A website, www.halfords.com, featured text on the "Apollo Fade Boys' Hybrid Bike" product page that stated "Apollo Fade Boys' Hybrid Bike - 20" £99 WAS £199.99* SAVE £100.00 (50%)". Further text on the "Description" tab stated "Higher price has been charged in 50 of 464 stores from 02/09/14 to 29/09/14 excluding Halfords.com * Intervening prices may have been charged".
The complainant challenged whether the savings claims were misleading and could be substantiated.
Halfords Ltd believed the ad complied with the BIS Pricing Practices Guide. They said the ad made clear the basis of the comparison and the proportion of stores that had charged the higher price and that the higher price had not been charged online during the specified period. They said the higher price had been offered for 28 consecutive days at the 50 stores, spread across the UK and Republic of Ireland, and that it was the immediately previous selling price. They said the lower price was offered for a reasonable length of time.
The ASA noted the higher reference price of £199.99 was presented at the top of the ad, beside a link to purchase the bike, and was linked by an asterisk to text that stated "Intervening prices may have been charged". Further text above the asterisked text stated "Higher price has been charged in 50 of 464 stores from 02/09/14 to 29/09/14 excluding Halfords.com".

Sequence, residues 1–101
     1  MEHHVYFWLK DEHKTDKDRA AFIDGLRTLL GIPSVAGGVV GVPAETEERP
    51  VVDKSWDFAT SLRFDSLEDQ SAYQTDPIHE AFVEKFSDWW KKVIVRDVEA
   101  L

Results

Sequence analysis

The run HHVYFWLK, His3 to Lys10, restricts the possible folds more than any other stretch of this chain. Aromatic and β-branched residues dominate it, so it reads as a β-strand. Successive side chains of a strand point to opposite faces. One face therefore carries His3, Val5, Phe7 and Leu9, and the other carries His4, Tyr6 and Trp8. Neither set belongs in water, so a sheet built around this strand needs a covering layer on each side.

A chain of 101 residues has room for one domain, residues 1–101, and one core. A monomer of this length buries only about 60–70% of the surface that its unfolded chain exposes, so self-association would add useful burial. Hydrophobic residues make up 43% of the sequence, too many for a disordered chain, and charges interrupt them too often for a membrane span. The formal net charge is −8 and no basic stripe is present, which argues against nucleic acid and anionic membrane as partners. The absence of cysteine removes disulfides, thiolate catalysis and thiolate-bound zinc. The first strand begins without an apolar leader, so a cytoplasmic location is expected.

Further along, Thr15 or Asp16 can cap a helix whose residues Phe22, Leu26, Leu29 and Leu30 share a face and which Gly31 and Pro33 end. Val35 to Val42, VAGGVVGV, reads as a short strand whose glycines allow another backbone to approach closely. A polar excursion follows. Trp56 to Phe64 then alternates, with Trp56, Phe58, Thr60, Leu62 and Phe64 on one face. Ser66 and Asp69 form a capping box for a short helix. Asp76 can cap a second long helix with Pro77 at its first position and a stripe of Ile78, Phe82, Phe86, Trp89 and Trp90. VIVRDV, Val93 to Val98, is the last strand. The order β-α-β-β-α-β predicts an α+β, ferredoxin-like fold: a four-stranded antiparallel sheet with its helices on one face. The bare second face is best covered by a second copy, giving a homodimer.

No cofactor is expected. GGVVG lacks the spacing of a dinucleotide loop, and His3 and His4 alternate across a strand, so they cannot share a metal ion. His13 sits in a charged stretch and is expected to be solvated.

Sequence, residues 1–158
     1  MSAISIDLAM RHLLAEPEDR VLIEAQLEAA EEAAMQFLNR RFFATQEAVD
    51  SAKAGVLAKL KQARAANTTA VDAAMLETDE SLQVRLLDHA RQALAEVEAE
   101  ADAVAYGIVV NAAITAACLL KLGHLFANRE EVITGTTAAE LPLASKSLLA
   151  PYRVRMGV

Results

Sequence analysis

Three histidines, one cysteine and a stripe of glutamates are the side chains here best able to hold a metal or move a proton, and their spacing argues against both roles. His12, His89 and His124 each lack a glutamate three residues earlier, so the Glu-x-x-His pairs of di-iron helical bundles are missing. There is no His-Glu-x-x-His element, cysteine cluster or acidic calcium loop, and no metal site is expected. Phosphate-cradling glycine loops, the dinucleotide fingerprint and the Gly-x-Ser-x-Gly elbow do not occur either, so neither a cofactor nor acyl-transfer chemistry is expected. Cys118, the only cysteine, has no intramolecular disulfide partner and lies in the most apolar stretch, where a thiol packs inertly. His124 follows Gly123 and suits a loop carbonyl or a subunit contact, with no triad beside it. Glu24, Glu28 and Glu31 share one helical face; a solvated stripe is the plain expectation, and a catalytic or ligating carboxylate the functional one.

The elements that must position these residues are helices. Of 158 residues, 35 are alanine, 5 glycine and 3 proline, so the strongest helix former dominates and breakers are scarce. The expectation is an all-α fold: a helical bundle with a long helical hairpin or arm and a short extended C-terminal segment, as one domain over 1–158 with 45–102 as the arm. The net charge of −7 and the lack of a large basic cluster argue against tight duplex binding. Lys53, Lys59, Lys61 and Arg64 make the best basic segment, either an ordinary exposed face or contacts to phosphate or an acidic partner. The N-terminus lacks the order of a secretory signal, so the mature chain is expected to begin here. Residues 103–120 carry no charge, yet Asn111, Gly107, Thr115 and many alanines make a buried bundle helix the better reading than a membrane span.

We noted Halfords' belief that the ad complied with the BIS Pricing Practices Guide. However, in the context of a website from which consumers could purchase the bike, we considered consumers were likely to understand the higher price, presented prominently at the top of the ad, was the normal selling price available via the website and that the saving represented a saving against that higher price. In the absence of evidence to demonstrate that the higher reference price of £199.99 was the normal selling price available via the website, we considered the savings claim was likely to mislead consumers.
We acknowledged that text beneath the product description stated that the higher price was not the previous selling price on Halfords.com, but considered that claim contradicted the impression created by the higher reference price shown at the top of the ad.
For those reasons, we concluded that the ad breached the Code.
The ad breached CAP Code (Edition 12) rules 3.1 3.1 Marketing communications must not materially mislead or be likely to do so. (Misleading advertising), 3.7 3.7 Before distributing or submitting a marketing communication for publication, marketers must hold documentary evidence to prove claims that consumers are likely to regard as objective and that are capable of objective substantiation. The ASA may regard claims as misleading in the absence of adequate substantiation. (Substantiation), 3.9 3.9 Marketing communications must state significant limitations and qualifications. Qualifications may clarify but must not contradict the claims that they qualify. (Qualification), 3.17 3.17 Price statements must not mislead by omission, undue emphasis or distortion. They must relate to the product featured in the marketing communication. (Prices) and 3.40 3.40 Price comparisons must not mislead by falsely claiming a price advantage. Comparisons with a recommended retail prices (RRPs) are likely to mislead if the RRP differs significantly from the price at which the product or service is generally sold. (Comparisons).
The ad must not appear again in its current form. We told Halfords Ltd to ensure that future savings claims were not likely to mislead consumers in future.